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Divided Cape Board Issues Sharks-and-Seals Proclamation

August 1, 2019

The Barnstable County Commissioners have declared August 2019 to be Cape Cod Gray Seal and Great White Shark Awareness Month.

The commissioners voted 2-1 to approve the proclamation Wednesday, July 31, and all three signed it.

Great white sharks have attacked three people in water off the Outer Cape during the last few years.

On August 23, 2017 a shark took a bite out of a paddleboard off Marconi Beach in Wellfleet, sending a 69-year-old man tumbling into the water. On August 15, 2018, a shark bit a 61-year-old man in the hip and torso off Longnook Beach in Truro, causing serious injuries. On September 15, 2018, a shark bit a 26-year-old man off Newcomb Hollow Beach in Wellfleet, killing him.

Two Wellfleet residents, John Kartsounis and Drew Taylor, addressed the county commissioners on Wednesday, saying they hope the proclamation will help inform people who don’t know much about the dangers from sharks off the Cape, encourage public officials to do something about it, and help bring private groups together to work on the problem.

“It will provide us with a springboard to disseminate much-needed information on this subject to the public and the media,” Kartsounis said.

Ron Beaty, a county commissioner, said he hopes the proclamation prompts action, without taking a position on whether, as some say, seals should be hunted so their population is reduced and fewer sharks come to the Cape to try to eat them.

“I think it also will provide like an umbrella for other entities, like towns or non-profits or the media, to do things like provide factoid information. I think it just provides a good overall background. From what I can tell, for instance, it doesn’t take a position on, you know, as far as mitigation or anything like that. It just provides public awareness, to help the public stay aware and vigilant about this problem as it moves forward,” Beaty said.

During a discussion Wednesday, county commissioner Ronald Bergstrom expressed opposition to the proclamation, saying proclamations should be used for uncontroversial matters like the Fourth of July.

“You celebrate something that everybody’s on board. This seems to be a vehicle by which we can discuss a very contentious issue – and we’ve seen the contention here previously, there are people who want us to take active steps to limit the shark and seal population, there are people who don’t want us to do that. I just feel like we’re in danger of creating a vehicle by which this debate can continue in a very undisciplined way,” Bergstrom said.

Residents, visitors, and local officials ought to learn about county resources to help deal with the shark problem, county commissioner Mary Pat Flynn said.

“I think as a county our responsibility is to get the message out,” Flynn said. “… It’s not so much we have to do anything specifically, but our mission is to make people aware that this exists, and if they need our assistance, we find ways we can work with them on it, all the better.”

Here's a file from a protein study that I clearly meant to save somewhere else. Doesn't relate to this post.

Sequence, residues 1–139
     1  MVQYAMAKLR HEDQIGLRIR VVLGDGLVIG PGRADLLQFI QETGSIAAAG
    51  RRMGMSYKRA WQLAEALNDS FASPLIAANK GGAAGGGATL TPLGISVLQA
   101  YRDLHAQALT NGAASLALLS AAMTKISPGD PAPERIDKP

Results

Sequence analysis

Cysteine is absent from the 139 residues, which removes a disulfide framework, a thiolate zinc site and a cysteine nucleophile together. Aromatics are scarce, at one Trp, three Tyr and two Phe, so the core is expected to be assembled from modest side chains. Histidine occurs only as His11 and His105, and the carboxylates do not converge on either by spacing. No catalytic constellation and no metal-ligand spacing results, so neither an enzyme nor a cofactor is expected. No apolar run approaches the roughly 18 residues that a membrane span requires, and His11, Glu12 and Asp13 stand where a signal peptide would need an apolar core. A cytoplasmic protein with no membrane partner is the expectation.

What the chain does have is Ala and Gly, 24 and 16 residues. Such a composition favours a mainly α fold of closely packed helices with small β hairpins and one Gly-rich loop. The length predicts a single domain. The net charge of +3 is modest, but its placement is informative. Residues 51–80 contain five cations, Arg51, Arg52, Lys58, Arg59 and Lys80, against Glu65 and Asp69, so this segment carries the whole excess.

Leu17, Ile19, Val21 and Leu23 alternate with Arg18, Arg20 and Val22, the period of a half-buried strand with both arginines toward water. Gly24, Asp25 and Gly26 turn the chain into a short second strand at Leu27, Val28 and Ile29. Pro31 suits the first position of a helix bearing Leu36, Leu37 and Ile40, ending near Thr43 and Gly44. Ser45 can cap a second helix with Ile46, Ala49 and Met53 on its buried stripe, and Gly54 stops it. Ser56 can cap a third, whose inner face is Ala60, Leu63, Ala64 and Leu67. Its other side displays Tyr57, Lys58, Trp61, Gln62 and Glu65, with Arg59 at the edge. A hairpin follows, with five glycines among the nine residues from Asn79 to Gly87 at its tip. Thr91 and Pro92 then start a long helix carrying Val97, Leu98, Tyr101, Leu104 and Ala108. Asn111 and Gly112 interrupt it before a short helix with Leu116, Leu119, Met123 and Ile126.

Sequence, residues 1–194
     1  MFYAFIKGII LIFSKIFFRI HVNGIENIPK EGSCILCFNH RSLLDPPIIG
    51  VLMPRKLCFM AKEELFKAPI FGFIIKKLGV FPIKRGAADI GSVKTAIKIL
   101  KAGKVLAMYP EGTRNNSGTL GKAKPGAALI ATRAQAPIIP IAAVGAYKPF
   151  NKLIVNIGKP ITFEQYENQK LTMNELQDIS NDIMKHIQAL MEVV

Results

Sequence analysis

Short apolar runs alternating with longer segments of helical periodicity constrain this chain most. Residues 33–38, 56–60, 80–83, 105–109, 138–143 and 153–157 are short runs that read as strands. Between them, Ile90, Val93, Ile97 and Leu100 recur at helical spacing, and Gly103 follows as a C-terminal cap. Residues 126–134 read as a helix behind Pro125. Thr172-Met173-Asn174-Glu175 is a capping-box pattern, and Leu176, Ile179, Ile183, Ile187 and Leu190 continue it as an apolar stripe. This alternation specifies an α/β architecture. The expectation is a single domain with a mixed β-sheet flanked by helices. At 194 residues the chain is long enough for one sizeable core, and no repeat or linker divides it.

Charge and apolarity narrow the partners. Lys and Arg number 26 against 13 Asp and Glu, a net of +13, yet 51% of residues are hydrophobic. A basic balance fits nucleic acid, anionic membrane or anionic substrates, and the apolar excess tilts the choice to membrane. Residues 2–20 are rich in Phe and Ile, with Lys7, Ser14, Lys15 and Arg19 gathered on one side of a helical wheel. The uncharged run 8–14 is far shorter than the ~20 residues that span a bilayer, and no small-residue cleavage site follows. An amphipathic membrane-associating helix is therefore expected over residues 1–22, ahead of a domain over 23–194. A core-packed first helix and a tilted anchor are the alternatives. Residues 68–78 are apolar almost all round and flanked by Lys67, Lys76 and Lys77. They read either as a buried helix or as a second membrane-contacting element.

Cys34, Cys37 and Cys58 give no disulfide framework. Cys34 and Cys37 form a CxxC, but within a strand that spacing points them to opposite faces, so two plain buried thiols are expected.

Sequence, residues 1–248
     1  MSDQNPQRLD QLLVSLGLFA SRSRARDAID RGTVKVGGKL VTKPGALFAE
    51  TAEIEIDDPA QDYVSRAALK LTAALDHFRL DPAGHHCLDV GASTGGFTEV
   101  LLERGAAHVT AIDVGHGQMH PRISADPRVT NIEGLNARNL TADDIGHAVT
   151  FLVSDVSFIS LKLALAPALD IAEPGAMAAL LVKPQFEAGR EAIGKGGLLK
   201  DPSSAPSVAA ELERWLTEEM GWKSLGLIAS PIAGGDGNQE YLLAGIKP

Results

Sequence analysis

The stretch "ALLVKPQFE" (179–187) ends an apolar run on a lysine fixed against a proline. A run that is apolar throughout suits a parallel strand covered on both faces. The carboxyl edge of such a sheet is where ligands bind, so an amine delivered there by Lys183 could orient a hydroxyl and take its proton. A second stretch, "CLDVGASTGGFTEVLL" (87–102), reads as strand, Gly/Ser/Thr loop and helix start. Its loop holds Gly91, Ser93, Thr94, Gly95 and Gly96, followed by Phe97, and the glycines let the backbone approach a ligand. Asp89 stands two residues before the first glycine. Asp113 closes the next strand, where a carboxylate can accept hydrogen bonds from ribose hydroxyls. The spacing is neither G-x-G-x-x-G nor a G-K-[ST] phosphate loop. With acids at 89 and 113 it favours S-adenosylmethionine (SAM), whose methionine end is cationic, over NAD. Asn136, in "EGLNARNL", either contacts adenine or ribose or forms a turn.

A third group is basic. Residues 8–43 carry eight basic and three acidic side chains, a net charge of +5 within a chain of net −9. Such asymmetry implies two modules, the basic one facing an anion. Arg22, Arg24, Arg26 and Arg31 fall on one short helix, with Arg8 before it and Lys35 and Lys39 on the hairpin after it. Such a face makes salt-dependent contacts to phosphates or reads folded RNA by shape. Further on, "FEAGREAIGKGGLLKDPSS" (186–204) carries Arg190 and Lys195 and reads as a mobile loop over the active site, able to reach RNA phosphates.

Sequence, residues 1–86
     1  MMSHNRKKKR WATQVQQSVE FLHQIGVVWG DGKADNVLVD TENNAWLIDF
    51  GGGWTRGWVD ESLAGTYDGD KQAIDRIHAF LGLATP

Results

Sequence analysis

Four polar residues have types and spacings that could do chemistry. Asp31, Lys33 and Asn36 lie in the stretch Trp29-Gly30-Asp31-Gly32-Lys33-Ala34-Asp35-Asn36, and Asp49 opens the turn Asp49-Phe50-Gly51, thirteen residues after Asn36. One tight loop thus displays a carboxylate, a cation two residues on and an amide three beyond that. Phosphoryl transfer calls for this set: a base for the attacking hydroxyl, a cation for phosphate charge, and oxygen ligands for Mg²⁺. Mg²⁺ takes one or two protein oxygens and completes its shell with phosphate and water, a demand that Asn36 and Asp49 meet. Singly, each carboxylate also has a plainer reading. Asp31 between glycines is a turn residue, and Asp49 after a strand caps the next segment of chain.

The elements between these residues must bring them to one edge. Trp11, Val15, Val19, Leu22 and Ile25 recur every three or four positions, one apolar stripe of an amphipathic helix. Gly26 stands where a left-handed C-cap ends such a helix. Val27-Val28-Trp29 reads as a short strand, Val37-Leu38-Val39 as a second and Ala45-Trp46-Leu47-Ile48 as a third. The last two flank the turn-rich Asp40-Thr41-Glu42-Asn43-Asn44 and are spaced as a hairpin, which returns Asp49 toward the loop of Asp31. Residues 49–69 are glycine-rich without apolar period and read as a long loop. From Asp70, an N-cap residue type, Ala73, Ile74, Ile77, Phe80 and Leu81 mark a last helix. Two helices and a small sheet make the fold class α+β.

Bergstrom said county commissioners shouldn’t use a proclamation to pick a side of a conflict.

“I’m going to be perfectly blunt here. … The people in front of us have an agenda. They have an answer already. All right? They want to do something about culling the shark population, and cull the seal population. And this is a vehicle to get that message out. And I don’t think the county is in the business of providing that vehicle,” Bergstrom said.

Kartsounis said he isn’t stumping for killing seals and sharks through the proclamation, but rather wants to explore various ways to address the safety problem, including technological approaches such as warning buoys.

“I think that your assertion that we are somehow cullers is not correct. And I’ve never said that. I’ve never been in favor of one specific solution. We’ve been in favor of all solutions. That’s what this proclamation is all about — bringing as many parties to the table as possible, creating a dialogue,” Kartsounis said.

Bergstrom said he didn’t mean to demean Kartsounis and Taylor, but he stood by his opposition to the proclamation.

Beaty and Flynn voted for the proclamation. Bergstrom, the chairman, voted against it. All three signed it after the vote.

State, local, and regional officials on Cape Cod have been unable to agree on what to do to prevent attacks on swimmers and surfers by great white sharks, whose presence in Cape waters has increased dramatically in recent years.

State officials have provided certain Cape towns with funds to obtain emergency call boxes, satellite phones, and all-terrain vehicles in hopes that emergency rescue workers can reach shark attack victims after the fact, so they can get treatment before they bleed out and die.

Some scientists who study sharks don’t see a problem. They are thrilled with the resurgence of sharks in Cape waters and consider it a success of government conservation programs, including a 1972 federal law that prohibits hunting seals. Sharks are also protected from hunting.

Various technological approaches to protect people have been proposed, including a sonar buoy that sends a warning when sharks are present, drones to spot sharks from above, and barriers to keep sharks away from certain beaches. The technology isn’t cheap, though, and some public officials are worried about spending significant amounts of public money without being sure the measures will work.

The most controversial method is to allow hunting of seals and sharks, known as culling the population. Researchers who study seals and sharks are against it. Some residents and Cape officials are for it.

Below are two images of the proclamation:

 

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